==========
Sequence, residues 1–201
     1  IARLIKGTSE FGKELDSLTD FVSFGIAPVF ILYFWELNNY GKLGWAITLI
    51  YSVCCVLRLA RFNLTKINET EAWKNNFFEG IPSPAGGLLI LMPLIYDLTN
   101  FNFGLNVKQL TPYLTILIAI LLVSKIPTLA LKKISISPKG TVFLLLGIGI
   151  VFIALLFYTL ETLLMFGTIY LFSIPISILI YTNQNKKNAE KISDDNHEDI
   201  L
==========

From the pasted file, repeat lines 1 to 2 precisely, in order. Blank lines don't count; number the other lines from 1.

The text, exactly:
Sequence, residues 1–201
     1  IARLIKGTSE FGKELDSLTD FVSFGIAPVF ILYFWELNNY GKLGWAITLI